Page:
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★★★★★ Lena Review - By Callum Stott - The Scots Reviewer

Updated: Aug 7, 2023

No celebrity embodies the phrase “fame is a fickle friend” more than Lena Zavaroni. Her story is of a young girl from a remote Scottish island being allowed a chance of a lifetime to sing to 20 million people on TV’s biggest show. Through humour, incredible music, and an impressive cast, Lena documents her life, exploring the highs and lows of fame and being in the spotlight.

Lena is a play with songs conceived by BAFTA and OLIVIER award-winner Tim Whitnall and focuses on the life of Scottish singer Lena Zavaroni. Lina’s story begins in the 1970s when she auditioned for the TV talent show, Opportunity Knocks. Her performance led to a real “Susan Boyle” moment where viewers couldn’t believe the talent of this 10-year-old young girl. Each week Lina won the studio vote and eventually released No.1 records, becoming a child superstar.

Her career after this point went from strength to strength, headlining the London Palladium, performing with Frank Sinatra, and having her TV show. Her long-term troubles with Anorexia nervosa are explored sensitively in this production, showing the lengths Lena would go to try and combat the illness, which sadly led to her downfall. This show is a brilliant play with music with a powerful story, moving performances, and a real lesson about what fame can do to people.

Throughout the show, you meet the many characters that shaped Lena’s life. Lena played by “Erin Armstrong” is a brilliant study of the singing songstress. Through her performance, she becomes Lina at different ages and stages of her life. Erin has beautiful vocals and is a great all-around performer. Her ability to shine in the brighter moments in Lena’s life, including singing Ma! (He's Making Eyes at Me) and connecting with the audience during the play's more emotional moments is first-class. Her relationship with her dad, Victor Zavaroni, played brilliantly by Alan McHugh, is very strong. Both actors are very realistic in their father-daughter dynamic. Her, at times difficult relationship with her mother Hilda Zavaroni played by Julie Coombe is well acted by Julie and is very believable. The wiring allows Hilda to come to life and is very multifaceted in showing her love for her daughter, but always dreams of having her moment in the spotlight.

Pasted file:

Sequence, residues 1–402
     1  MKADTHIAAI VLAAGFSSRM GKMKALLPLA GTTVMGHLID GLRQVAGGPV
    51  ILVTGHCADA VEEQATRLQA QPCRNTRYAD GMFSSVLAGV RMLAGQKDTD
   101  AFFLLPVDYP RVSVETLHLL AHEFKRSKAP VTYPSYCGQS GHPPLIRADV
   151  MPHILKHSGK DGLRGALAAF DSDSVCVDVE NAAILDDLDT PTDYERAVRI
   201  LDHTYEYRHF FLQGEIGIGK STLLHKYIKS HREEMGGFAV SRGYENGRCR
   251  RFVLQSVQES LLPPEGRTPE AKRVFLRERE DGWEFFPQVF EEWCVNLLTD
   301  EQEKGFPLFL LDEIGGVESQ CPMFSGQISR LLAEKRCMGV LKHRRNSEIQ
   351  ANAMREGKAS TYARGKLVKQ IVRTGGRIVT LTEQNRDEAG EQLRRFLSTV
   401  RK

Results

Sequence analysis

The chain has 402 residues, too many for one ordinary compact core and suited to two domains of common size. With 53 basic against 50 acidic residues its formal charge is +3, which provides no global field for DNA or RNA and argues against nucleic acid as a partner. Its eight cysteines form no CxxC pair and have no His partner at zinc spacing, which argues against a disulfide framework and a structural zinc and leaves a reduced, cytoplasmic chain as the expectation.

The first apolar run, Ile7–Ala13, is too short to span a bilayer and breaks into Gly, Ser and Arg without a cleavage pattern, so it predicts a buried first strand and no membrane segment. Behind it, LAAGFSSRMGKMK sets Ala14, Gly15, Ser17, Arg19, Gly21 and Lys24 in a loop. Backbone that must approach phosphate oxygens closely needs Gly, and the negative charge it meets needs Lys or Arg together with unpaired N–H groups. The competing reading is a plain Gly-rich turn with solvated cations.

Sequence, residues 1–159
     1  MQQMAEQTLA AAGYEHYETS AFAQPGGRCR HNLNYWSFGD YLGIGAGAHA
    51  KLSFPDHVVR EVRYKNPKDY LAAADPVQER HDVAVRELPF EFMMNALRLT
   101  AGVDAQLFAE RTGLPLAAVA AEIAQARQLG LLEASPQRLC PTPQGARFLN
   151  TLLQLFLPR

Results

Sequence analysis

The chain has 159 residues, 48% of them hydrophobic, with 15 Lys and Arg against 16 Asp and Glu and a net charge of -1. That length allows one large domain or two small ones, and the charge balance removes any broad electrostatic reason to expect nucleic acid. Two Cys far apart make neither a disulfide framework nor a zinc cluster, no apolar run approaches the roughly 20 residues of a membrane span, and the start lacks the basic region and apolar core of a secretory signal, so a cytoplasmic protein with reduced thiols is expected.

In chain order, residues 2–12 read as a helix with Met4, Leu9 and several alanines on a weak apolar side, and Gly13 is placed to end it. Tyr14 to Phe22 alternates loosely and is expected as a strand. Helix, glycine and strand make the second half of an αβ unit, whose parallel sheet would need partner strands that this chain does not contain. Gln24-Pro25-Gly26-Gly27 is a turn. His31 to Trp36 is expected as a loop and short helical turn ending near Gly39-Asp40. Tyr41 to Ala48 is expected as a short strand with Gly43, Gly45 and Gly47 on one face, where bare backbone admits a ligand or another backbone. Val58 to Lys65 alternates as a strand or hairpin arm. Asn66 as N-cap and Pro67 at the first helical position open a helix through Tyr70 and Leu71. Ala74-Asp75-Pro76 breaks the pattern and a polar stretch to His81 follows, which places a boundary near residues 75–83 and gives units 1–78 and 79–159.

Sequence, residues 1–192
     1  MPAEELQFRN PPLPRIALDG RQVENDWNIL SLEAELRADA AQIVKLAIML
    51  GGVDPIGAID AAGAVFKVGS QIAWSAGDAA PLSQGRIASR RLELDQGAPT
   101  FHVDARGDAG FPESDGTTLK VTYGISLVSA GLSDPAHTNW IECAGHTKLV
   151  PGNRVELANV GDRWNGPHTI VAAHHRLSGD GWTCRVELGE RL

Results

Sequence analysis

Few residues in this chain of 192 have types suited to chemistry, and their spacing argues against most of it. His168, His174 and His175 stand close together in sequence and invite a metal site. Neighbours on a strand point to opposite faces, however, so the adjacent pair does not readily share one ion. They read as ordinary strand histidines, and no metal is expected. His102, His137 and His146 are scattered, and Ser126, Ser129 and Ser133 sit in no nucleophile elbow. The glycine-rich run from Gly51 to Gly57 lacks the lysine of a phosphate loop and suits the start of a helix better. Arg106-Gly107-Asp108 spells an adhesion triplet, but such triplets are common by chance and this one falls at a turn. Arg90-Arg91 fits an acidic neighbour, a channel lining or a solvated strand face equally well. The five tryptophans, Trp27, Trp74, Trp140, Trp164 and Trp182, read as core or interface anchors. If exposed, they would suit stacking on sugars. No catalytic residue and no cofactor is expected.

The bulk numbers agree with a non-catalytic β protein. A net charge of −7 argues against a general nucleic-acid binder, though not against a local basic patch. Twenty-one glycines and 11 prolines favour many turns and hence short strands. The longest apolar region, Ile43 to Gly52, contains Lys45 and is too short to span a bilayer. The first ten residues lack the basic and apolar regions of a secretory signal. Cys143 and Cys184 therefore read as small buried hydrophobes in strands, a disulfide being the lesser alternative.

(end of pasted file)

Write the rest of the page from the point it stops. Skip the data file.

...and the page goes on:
The characterisation is also strong in Jon Culshaw's interpretation of Opportunity Knocks TV host, Hughie Green. Culshaw is famous for his impressions of famous faces, but I feel this goes above and beyond that. The cast is finished off by Helen Logan who excellently plays the agent of Lena, Dorothy Solomon. Her role is one of putting business and money above the health and well-being of Lena. The audience can make up their mind if she is a heroine or a villain.

As the audience jumps to their feet as the play concludes, you know this show is set to be a huge success this festival and will likely go on to even bigger things. Lena deserves a further run and a bigger venue, and expect this to be just the start of Lena’s journey.

Lena runs at Assembly George Square until the 28th of August. Book tickets here:

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